Candice (Daisy Axon) is a charismatic and energetic twelve-year-old who refuses to take “no” for an answer and has struggled her entire life to make friends. One day, shortly after an assignment, dubbed by Candice, a “narrative recount,” where students must use each letter of the alphabet to recount a part of their life, a new boy shows up in her class. This student, Douglass (Wesley Patton), provides a sense of clarity to life and assures Candice that H is for Happiness even when it doesn’t feel that way. As they journey through a series of odd tasks together, the two become closer than they had ever expected, but life, like always, has a habit of getting in the way.
The thing I am always worried about when getting ready to watch a new film with unfamiliar players (especially an independent film) is the acting. I’m not entirely sure that this is fair, but whereas I know what to expect from the Leonardo DiCaprios and Scarlett Johanssons of the world, not knowing the actors present in a film makes me a bit nervous. When the main character is a child, my worries magnify ten-fold.
H is for Happiness employs a twelve-year-old girl to lead the story and keep audiences engaged for nearly two hours. Axon, however, surpasses any expectations that viewers, including myself, might have had. She exudes innocence, happiness, and realism. While these three qualities don’t necessarily always go hand in hand, this combination of characteristics is what makes Candice, and H is for Happiness, so enjoyable. Seeing Candice journey through the rocky waters of life and attempt to decipher the simplest and most dense riddles warms your heart and reminds audiences of a time when things were not so complicated. Seeing her navigate everyday life provides a sense of relief and allows audiences to sit back, forget about the daily grind of taxes and jobs, and simply enjoy what is taking place in front of them. She portrays every emotion with ease and delivers a sincere joy to viewers.
“…a new boy shows up in [Candice’s] class. This student, Douglass, provides a sense of clarity to life…”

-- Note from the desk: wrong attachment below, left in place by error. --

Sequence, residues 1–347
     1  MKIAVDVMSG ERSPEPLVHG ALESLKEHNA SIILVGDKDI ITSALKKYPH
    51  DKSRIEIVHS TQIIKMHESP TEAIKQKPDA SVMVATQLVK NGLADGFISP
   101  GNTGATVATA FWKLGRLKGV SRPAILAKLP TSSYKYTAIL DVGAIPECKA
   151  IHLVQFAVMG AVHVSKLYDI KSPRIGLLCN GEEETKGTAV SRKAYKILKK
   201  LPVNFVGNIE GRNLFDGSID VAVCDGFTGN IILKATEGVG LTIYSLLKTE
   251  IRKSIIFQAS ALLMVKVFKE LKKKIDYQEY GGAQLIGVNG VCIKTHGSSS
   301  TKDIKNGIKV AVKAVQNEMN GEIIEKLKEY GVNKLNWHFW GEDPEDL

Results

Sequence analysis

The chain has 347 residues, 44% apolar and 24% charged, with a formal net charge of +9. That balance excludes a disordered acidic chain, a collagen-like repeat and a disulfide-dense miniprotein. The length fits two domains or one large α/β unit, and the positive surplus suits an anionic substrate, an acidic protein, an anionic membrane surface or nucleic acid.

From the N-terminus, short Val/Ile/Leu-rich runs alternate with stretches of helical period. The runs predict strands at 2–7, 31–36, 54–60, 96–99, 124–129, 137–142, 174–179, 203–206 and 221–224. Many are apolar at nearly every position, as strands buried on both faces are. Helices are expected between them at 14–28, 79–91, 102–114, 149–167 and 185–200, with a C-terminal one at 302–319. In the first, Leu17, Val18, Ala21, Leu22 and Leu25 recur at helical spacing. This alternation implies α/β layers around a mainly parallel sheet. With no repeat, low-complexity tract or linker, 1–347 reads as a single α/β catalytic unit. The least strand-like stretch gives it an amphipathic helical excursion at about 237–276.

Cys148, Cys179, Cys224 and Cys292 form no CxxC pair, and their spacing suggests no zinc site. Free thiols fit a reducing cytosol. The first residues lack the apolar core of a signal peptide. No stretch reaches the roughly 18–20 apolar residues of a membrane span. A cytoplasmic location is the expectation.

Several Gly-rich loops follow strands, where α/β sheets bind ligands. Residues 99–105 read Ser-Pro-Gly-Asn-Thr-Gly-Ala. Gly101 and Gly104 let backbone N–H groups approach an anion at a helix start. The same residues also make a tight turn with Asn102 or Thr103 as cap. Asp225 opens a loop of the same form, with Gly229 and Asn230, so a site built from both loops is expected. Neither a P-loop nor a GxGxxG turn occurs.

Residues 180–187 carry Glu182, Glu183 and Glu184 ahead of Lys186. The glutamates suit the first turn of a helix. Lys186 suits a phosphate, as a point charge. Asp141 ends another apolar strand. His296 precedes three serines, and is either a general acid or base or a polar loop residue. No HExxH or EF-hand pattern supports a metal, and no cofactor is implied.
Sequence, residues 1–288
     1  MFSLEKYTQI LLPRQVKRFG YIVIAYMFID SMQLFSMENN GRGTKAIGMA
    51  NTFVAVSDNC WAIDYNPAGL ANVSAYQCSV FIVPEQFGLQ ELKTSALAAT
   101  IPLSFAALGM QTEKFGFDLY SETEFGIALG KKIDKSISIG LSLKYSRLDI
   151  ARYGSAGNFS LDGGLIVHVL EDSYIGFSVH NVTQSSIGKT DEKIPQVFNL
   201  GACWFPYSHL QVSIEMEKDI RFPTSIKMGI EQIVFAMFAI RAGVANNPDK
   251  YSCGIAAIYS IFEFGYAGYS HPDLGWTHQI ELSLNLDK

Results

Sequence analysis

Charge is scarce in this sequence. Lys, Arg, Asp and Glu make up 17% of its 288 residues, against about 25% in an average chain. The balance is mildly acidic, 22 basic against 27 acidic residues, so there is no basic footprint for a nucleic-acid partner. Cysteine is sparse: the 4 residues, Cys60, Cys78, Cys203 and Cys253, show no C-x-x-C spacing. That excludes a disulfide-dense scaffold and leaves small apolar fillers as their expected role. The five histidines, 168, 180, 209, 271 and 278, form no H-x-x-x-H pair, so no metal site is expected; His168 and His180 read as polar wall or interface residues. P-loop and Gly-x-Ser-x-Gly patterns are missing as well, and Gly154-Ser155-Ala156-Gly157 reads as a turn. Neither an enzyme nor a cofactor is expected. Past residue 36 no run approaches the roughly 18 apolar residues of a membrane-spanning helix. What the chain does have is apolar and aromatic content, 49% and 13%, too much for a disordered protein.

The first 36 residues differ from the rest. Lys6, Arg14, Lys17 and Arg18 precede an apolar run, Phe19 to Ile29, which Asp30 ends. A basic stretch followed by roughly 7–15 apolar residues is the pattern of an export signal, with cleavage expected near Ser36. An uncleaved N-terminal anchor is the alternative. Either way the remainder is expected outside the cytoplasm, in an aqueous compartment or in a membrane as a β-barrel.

Things aren’t all unicorns and rainbows as they might initially seem, however. As H is for Happiness progresses, the tone and theme changes, yet Axon keeps up with the curve. She continues to do everything that is expected of her and delivers more than just a few smiles. Along with the smiles come tears, heartbreak, and anxiety, all propelled forward by Axon and her young, but dominant, brilliance.
Casting director Jane Norris did a wonderful job finding the right people to drive H is for Happiness forward. Not only does Norris choose individuals who can tell the story appropriately, but the actors she chose to play Claire (Emma Booth) and Jim (Richard Roxburgh), Candice’s parents, look as if they are related. Their similarities are not just the aesthetic sort, but also in their mannerisms and facial expressions, bringing the story of H is for Happiness to life and making it more believable.
Through the brilliance of the script, audiences are able to identify with the events, themes, and emotions. Writer Lisa Hoppe and director John Sheedy create a story that transcends audiences and makes them feel like they are part of the story. Even with the difficulties that befall Candice, her friends, and family, H is for Happiness is a feel-good story. It attracts viewers with its beautifully relatable script, talented actors (particularly Axon), upbeat music, and the ever-changing juxtaposition of tone. H is for Happiness finds a sweet spot in cinema, as it appeals to audiences of all ages and walks of life.
"…appeals to audiences of all ages and walks of life."